The yarn fumes must be getting to me…I’m having visions of wearing my skirt tomorrow!  I’m nearing the fine line between motivated and delusional.  Tomorrow may be a double FO Friday!!

Orange You Glad…

IMG_1910…I am!  

The orange stripe is knit and ready for welting! Along with the rainbow, the welts are the key design feature. What is a welt? I’m glad you asked!  In knitting, it can refer to two different techniques that both put 3d texture into your fabric.  The first method is simply knitting several rounds and then purling several rounds, resulting in a sort of horizontal ribbing.  The Welted Cowl by Jane Richmond is an example of this technique.  It creates a soft, flexible, stretchy fabric, exactly what you’d expect from ribbing.

The second welting technique, the one I’m using, physically pinches the fabric together and secures it. IMG_1911

This style of welt is more firm, it does not flex, it retains it’s structure (within the parameters of your yarn, obviously I’m still talking about wool, not a concrete block!).  It’s a true 3d fabric, rather than a fabric that may not lay quite flat.  I was introduced to this technique by Stephen West’s Batad.  If you check the sidebar, you’ll see I added an Instagram widget, new features all the time!  Yay! There’s a shot of me and my purple Batad.  It’s just about my favorite knit ever.  It’s a wardrobe staple for me, perfect layering piece for San Francisco weather!  I think everyone should have one!  That’s the what and the why of the welt, now…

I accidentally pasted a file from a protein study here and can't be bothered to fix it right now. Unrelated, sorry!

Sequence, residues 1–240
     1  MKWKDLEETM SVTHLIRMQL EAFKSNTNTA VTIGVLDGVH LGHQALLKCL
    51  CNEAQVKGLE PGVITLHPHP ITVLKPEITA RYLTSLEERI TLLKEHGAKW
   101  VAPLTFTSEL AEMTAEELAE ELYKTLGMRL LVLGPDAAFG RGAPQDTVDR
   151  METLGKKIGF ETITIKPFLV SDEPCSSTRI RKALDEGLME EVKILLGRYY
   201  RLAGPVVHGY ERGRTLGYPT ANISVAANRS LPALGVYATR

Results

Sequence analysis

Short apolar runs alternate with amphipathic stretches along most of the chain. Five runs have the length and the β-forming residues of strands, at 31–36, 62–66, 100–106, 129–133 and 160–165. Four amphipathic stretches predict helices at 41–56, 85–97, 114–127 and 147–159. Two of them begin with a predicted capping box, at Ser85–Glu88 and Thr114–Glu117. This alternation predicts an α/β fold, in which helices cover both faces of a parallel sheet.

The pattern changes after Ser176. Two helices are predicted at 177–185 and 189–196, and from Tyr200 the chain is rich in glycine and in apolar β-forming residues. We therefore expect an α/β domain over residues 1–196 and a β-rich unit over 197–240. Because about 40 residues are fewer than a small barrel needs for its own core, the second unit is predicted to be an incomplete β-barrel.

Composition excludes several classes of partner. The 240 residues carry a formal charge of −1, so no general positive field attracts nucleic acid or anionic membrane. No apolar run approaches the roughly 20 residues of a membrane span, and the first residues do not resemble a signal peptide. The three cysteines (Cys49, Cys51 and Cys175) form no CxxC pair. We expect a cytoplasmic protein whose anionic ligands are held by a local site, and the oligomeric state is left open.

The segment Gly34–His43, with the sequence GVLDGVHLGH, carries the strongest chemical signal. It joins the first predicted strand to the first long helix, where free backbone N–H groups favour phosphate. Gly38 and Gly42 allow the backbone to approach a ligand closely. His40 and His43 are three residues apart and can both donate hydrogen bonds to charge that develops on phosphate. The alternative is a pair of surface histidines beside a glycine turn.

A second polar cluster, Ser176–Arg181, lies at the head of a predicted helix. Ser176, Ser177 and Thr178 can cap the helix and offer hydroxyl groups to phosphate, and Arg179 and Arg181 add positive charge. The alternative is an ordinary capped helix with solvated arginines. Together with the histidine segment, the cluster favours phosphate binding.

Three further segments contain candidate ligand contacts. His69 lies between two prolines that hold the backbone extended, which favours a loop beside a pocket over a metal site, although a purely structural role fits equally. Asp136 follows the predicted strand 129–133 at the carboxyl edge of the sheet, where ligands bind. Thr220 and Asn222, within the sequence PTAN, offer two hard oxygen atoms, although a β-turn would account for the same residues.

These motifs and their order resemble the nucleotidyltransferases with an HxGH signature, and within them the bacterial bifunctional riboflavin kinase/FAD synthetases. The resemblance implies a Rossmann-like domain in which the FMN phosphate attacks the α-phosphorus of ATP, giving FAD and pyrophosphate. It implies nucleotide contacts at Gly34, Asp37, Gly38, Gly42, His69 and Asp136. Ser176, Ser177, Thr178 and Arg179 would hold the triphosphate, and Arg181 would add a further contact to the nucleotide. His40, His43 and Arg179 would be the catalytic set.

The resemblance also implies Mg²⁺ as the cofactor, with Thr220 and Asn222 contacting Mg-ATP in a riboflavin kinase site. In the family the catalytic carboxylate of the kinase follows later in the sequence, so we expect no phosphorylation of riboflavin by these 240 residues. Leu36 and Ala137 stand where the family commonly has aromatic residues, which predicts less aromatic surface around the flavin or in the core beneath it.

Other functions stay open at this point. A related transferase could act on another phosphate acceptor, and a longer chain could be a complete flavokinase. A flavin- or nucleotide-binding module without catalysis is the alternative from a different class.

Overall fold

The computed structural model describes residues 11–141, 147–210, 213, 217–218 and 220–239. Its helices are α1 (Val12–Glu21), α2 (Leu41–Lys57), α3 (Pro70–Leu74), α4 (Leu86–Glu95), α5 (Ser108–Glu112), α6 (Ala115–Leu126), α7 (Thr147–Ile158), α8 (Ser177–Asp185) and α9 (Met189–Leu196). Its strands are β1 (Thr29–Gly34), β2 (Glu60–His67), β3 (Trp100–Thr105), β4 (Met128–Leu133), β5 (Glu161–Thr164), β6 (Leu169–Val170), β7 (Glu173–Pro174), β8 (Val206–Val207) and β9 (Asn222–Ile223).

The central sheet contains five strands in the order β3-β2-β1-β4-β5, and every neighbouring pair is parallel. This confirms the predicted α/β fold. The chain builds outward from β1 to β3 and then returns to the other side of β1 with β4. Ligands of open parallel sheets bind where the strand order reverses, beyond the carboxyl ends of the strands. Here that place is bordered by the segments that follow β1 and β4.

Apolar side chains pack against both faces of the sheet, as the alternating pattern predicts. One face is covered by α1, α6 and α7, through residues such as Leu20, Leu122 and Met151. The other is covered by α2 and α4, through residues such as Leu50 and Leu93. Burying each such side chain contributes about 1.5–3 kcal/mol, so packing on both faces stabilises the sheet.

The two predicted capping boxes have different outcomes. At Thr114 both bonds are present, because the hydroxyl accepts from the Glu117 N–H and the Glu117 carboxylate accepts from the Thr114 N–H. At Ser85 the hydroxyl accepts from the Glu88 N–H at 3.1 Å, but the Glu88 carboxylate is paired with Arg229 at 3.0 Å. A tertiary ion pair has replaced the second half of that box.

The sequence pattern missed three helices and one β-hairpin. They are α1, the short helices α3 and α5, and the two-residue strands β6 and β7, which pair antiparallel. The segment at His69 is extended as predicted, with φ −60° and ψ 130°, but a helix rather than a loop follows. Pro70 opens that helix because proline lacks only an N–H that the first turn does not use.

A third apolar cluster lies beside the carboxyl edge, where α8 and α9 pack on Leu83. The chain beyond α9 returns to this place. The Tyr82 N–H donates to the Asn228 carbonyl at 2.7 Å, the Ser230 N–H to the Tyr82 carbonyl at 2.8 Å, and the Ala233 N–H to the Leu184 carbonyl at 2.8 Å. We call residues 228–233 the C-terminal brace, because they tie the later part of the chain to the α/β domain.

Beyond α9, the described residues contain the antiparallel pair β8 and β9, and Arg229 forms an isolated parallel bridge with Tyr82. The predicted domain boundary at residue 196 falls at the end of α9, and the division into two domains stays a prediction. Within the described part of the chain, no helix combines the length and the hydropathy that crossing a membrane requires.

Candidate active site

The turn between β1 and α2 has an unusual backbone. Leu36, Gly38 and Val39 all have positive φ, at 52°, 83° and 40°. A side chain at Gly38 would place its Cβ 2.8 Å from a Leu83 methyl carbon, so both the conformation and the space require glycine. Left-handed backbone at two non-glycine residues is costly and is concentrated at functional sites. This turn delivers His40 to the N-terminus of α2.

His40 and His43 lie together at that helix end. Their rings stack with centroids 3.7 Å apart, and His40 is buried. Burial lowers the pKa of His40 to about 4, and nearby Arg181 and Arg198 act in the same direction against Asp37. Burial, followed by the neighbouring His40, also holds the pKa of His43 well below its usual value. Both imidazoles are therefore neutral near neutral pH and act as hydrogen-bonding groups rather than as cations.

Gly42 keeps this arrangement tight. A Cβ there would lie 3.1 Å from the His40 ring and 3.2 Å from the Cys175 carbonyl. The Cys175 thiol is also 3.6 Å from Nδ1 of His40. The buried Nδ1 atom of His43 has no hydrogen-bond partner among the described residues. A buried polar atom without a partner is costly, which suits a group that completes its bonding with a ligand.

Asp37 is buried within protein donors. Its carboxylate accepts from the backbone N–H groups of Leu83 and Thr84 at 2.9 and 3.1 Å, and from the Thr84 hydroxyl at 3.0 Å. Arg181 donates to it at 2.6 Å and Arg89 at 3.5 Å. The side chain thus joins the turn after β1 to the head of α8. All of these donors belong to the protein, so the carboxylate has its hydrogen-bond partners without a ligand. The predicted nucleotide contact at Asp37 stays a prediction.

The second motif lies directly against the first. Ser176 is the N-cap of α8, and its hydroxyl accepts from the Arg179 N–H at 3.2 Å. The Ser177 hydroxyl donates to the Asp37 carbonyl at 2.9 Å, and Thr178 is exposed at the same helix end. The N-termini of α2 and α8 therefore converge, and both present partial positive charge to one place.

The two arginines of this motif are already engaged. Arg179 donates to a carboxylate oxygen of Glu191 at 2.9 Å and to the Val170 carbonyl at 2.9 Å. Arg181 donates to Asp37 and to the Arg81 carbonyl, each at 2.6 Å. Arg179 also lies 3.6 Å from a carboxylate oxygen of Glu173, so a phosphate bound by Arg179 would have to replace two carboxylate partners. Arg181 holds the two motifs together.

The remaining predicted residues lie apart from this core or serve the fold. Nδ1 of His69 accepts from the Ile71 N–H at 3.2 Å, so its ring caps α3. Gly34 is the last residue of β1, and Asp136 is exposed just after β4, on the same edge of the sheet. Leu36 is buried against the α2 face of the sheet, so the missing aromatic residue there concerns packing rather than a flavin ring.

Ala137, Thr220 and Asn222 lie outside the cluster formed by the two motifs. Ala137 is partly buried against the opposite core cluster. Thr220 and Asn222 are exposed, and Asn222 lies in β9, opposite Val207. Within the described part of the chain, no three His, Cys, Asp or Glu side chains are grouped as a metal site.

How is this pinched welt made? 

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The first step is to create the fabric that will be pinched.  In this case, I am knitting six rounds of each color and joining the first round of color to the round of live stitches on the needle.  With the left needle, I am reaching behind my live stitches and picking up the orange bump at the bottom of the column, six rounds down.  I then knit this bump together with the first live stitch on the needle.  Your first column of stitches is now folded and secured!  Repeat the process for each stitch in the row, being careful to match up the live stitch with the proper bump below!

Connecting the top and bottom of the same column is the key to a polished welt.  Otherwise you end up with a lumpy, puckered welt…like this…

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You can see the red welt is laying smooth and even, while the orange welt is looking a bit cattywampus.  I would politely suggest that’s a “design feature” you want to avoid.